The Chinese government has banned feminine men from television under new media rules set out on Thursday. The media regulator in China has told broadcasters to promote a revolutionary culture and promote traditional Chinese values.
The rules make clear that “resolutely put an end to 娘炮 (niang pao) sissy men and other abnormal esthetics.” Niang pao is a deragatory word that in English basically means girlie guns. Another phrase commonly used to describe these people in China is, 小鲜肉 (xiǎo xiān ròu) which in English translates to little fresh meat.
Chinese leaders have been understandably worried about the cultural soft power of Japan and South Korea, where the actors and singers look barely distinguishable from lesbians.
The new rules further make clear that “vulgar internet celebrities” and admiration of wealth and celebrity”, and instead, programs should “vigorously promote excellent Chinese traditional culture, revolutionary culture and advanced socialist culture.”
Western reaction to this has been predictably pathetic, with outlets like Australia’s ABC among many others comparing banning feminine men from TV to the Cultural Revolution. The West can’t argue on the substance of this move by China so they have to resort to talking about the Cultural Revolution to try to scare people away from supporting the fact the Chinese government did this, because in America and Europe, you will find far more people agree with the sort of thing China did here, as opposed to those who support having feminine men on Television.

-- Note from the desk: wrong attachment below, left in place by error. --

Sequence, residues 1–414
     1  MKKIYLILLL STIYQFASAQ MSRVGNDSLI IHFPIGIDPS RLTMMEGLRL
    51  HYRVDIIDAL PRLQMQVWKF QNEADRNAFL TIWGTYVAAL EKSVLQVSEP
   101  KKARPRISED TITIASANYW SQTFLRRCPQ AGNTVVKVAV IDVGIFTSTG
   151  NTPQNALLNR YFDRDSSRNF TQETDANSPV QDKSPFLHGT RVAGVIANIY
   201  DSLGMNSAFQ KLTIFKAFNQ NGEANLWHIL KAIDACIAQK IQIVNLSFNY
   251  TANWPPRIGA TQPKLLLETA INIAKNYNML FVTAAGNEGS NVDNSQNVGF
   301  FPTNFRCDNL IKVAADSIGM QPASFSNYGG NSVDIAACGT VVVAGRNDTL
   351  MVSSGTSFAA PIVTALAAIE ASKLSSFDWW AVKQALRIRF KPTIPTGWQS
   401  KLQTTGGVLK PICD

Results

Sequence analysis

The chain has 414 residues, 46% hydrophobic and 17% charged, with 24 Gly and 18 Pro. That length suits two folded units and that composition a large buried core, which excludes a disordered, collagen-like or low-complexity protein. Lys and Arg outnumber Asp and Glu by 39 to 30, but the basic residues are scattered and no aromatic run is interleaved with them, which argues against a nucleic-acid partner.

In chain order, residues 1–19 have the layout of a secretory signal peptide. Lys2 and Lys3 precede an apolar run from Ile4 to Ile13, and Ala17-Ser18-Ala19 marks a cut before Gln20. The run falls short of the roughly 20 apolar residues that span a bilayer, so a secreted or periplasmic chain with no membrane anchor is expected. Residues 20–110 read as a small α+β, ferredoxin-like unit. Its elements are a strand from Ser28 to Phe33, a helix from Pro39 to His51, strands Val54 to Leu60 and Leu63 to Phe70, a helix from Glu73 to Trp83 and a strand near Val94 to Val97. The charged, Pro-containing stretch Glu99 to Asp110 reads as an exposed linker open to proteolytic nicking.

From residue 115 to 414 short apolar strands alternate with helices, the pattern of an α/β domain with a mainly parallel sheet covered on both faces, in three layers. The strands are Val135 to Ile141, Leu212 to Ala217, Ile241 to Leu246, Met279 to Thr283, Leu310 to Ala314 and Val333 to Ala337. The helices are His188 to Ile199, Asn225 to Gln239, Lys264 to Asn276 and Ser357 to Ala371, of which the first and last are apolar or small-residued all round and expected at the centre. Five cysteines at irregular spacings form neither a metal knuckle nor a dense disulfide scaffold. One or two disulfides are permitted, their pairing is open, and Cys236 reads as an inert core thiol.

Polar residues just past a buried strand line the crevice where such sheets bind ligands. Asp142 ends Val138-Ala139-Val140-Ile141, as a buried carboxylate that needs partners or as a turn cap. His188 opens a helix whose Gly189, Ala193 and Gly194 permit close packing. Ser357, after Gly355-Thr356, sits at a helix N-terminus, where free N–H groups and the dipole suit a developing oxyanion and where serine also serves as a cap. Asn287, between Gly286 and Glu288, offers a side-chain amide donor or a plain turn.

Even many of the biggest feminists avoid the feminine men like the plague and that is very much for a reason.
These new rules went beyond just banning feminine men from television in China, the rules call on broadcasters to limit pay for performers and to avoid contracts where tax evasion dangers are high.
Actress Zheng Shuang was fined nearly 300 million Yuan ($46 million) for tax evasion charges and warned celebrities to be good role models in society.
It is a sad state of things that its China showing the world, the sort of thing that should be promoted in the entertainment industry of a nation.
My praise of this move by China is not a praise of everything the Chinese Communist Party does but when they do the right thing I will give due credit.
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